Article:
Dismiss Notice
Join Physics Forums Today!
The friendliest, high quality science and math community on the planet! Everyone who loves science is here!

Graphing a rotational spring's constant

  1. Jul 16, 2007 #1
    Im trying to find the elastic potential energy stored in a mousetrap spring. I plan on doing this by graphing the spring's constant then integrating the function.
    I just wanted to know what i should be measuring with the x-axis.
    In normal springs the force is on the y-axis and the compression of the spring (cm) is on the x-axis.
    I know it's either going to be degrees or radians (from 0 to 180) im just not sure which one.
  2. jcsd
  3. Jul 16, 2007 #2


    User Avatar
    Homework Helper

    either one you like.
  4. Jul 16, 2007 #3
    would it be ok to graph the torque on the y-axis?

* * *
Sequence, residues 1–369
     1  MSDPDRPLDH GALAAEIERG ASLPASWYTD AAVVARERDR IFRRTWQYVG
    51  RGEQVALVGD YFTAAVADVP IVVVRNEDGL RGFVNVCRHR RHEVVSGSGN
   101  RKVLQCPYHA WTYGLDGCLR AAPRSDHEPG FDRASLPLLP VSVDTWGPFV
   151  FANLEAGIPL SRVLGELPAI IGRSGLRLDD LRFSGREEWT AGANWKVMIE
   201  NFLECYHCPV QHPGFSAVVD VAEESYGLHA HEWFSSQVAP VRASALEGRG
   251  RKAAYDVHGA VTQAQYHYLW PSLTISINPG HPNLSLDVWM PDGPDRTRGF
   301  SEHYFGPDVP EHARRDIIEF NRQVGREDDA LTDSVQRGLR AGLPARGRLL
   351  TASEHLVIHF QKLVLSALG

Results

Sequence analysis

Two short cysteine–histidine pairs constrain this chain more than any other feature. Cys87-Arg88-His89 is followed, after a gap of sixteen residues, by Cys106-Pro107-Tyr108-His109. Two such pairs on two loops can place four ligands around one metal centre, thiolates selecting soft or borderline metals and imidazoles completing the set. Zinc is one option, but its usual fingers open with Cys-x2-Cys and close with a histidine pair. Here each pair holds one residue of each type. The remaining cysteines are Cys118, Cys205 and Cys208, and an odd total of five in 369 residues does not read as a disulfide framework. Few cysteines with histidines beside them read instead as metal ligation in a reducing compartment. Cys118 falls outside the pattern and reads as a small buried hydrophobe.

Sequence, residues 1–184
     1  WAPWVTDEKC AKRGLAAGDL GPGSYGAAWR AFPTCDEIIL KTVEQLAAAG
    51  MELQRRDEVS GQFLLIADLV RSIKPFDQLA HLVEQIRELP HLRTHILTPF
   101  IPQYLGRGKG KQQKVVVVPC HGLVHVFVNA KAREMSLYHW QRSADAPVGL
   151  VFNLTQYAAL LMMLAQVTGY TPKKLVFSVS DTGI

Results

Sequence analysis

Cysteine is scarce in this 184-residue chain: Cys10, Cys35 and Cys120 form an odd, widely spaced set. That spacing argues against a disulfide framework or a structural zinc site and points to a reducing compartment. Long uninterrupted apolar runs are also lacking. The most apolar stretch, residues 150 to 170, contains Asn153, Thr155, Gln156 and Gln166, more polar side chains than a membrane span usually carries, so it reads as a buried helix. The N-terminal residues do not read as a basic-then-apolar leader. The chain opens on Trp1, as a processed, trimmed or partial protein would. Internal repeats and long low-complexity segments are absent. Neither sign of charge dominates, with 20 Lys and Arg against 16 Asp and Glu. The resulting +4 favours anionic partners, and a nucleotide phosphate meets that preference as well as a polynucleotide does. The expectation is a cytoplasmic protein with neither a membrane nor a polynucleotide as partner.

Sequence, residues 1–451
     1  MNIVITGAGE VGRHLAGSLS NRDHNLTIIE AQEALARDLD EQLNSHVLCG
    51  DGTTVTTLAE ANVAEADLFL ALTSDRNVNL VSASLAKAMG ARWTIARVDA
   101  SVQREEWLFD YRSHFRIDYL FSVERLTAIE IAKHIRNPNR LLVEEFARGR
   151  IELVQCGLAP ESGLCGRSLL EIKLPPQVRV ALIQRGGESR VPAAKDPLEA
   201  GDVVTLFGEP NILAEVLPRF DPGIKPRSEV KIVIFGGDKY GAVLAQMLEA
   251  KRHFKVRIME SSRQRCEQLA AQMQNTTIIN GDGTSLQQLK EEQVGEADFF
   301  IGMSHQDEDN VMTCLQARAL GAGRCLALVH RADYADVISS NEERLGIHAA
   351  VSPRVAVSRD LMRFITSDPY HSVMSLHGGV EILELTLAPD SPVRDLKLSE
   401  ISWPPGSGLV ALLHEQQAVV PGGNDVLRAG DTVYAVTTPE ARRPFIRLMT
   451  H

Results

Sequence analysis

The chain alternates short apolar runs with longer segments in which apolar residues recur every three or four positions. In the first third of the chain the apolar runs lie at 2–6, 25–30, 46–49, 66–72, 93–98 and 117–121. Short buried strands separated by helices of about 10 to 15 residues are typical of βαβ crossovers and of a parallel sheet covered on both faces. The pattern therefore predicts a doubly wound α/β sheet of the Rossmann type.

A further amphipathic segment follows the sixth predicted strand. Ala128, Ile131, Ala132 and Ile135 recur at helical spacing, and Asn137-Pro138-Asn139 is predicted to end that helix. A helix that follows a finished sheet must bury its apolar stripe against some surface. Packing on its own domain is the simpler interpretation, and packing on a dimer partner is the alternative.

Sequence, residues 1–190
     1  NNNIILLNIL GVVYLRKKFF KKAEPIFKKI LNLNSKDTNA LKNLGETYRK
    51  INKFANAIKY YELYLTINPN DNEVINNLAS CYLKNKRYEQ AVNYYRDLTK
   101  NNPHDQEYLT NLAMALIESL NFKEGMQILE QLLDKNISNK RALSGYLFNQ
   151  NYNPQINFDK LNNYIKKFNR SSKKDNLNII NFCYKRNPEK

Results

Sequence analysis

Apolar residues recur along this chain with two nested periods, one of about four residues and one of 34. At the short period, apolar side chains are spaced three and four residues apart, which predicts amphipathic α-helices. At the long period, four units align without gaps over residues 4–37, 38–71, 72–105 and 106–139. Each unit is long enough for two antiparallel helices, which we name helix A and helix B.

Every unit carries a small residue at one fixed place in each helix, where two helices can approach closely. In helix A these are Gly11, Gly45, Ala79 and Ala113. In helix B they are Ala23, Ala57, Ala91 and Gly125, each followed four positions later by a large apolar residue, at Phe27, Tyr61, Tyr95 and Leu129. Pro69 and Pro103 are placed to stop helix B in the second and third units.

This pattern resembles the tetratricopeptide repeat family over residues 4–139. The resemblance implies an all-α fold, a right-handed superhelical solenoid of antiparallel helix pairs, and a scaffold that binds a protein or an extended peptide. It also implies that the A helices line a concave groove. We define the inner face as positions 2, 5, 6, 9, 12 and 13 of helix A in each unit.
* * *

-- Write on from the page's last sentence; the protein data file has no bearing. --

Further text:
If not at what length should i measure the force from on the lever arm?
  5. Jul 16, 2007 #4


    User Avatar
    Staff Emeritus
    Science Advisor

    If you are going to get a function of the angle and then integrate, it would be simpler to use radians rather than angles. (The integral formula for a trig function in terms of degrees is more complicated than if it is in terms of radians.)

    As for measuring the force, I would recommend attaching the scale to the cross arm of the mousetrap.
  6. Jul 16, 2007 #5
    I've already graphed it using degrees. I just found the definite integral of the function. The stored energy was 100J
    Was I supposed to do it some other way?
  7. Jul 16, 2007 #6


    User Avatar
    Homework Helper

    do it? do what? you have proposed this project for yourself, apparently. so the only person telling you what to do is yourself.
Know someone interested in this topic? Share this thread via Reddit, Google+, Twitter, or Facebook

Have something to add?

Similar Discussions: Graphing a rotational spring's constant
  1. Spring constant (Replies: 3)

  2. Spring Constant! (Replies: 8)